District 21: Dixie and Gilchrist counties, as well as the western tip of Alachua County, including most of Gainesville
Outlook: Bosshardt has raised way more money, but Morey has some political experience in as much as he worked in the State Attorney’s office prosecuting bad guys. It’s not much, but it’s at least a compelling narrative, and voters love that sort of thing. Of course, that doesn’t matter much if no one knows who you are.
Pick: Tossup, but with a gun to my head, Bosshardt, who then goes on to beat Perry in the general
District 22: Levy County and the southern part of Marion County
Candidates: Republican Charlie Stone
Outlook: Stone is running unopposed.
District 23: East Marion County, including Ocala
Candidates: Republican Dennis Baxley
Outlook: Baxley is running unopposed
District 24: South St. Johns County, Flagler County, and west Volusia County, including Palm Coast, Flagler Beach, and Pierson
Outlook: Flagler is a deeply conservative area filled with aging retirees who trust Obama about as far as they can throw him – which is to say, not at all. Still, the newly drawn district mostly consists of Flagler County, and county commissioner Holland hopes to convince those voters that the general election should be about Flagler County having a voice in the state House. Whichever of Courtney and Holland wins, St. Johns County businessman Hutson awaits him or her in the general election, armed with a mountain of cash.
Pick: Holland in the primary, Hutson in the general
District 25: East Volusia County, along the beach from Ormond Beach to New Smyrna Beach, with just a sliver of land along Daytona Beach
Candidates: Republican Dave Hood
Outlook: Aside from an indie candidate, Christina Spencer-Kephart, Hood is running unopposed.
District 26: Central Volusia County, from DeLand in the southwest to Daytona Beach and Holly Hill in the northeast
Candidates: Democrat Dwayne Taylor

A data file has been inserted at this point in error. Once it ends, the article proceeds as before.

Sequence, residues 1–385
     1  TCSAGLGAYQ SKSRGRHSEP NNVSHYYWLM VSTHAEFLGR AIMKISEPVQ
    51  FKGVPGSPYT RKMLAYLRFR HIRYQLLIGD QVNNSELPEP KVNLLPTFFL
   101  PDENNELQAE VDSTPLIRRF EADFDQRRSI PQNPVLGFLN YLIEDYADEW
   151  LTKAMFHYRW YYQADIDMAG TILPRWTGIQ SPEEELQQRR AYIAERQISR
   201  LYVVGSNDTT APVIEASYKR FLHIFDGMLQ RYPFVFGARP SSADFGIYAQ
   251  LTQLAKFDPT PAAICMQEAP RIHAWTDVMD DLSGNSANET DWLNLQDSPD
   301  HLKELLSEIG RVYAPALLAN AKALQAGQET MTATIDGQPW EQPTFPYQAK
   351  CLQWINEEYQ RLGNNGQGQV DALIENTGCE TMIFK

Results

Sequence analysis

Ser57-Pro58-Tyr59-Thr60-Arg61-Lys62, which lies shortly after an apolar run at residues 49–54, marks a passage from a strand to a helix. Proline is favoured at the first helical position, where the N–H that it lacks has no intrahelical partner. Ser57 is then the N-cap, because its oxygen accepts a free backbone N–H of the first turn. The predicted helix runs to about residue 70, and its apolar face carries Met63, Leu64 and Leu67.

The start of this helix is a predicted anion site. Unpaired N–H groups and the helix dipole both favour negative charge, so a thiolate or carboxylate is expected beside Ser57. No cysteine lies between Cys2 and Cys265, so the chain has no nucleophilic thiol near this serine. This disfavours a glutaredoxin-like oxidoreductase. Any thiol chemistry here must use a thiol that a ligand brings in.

Outlook: Taylor is running unopposed.
District 27: South Volusia County, from DeBary and Orange City to Oak Hill
Outlook: Sheesh. Little money raised all around, no obvious charisma … Santiago was a city commissioner half a decade ago, and Mulder was mayor of the same town, Deltona. The race might play up some history from those candidates’ Deltona days, when the mayor’s political enemies organized a recall election against Mulder after the mayor supported “possible lawsuits against people who speak out, write or blog against leaders and actions in city government,” a nakedly unconstitutional bit of stupidity. The other candidate, Trovato, become City Attorney in Deltona after getting his law degree from Pat Robertson’s Regent University and was subsequently fired over charges of incompetence. Oy.
Pick: Santiago in the primary and the general
District 28: East Seminole County, including Oviedo, Sanford and Winter Springs
Outlook: Brodeur should lose. Because he is a moron. But he is also an incumbent, and one who has raised well in excess of $100,000 at that. He could lose to the right candidate, but that candidate is not three-time Winter Springs mayor Bush.
Pick: Brodeur by a mile
District 29: West Seminole County, including Longwood and Lake City
Outlook: Dorworth, the incumbent, has suffered from numerous financial scandals recently and is in the throes of a divorce. Onest is negligible. Moffitt is Dorworth’s only real competition, but only just – Dorworth has raised more than a quarter million dollars. In the general, the Republican primary winner will face Democratic firefighter Clelland.
Pick: Dorworth in the primary and the general
District 30: Northwestern Orange County, including Maitland
Outlook: Dentel, the sister of U.S. Rep. Kathy Castor, looks to break into politics by upsetting an incumbent Republican in a newly drawn, but ever-so-red, district. Lots of points for chutzpah, but good luck with that.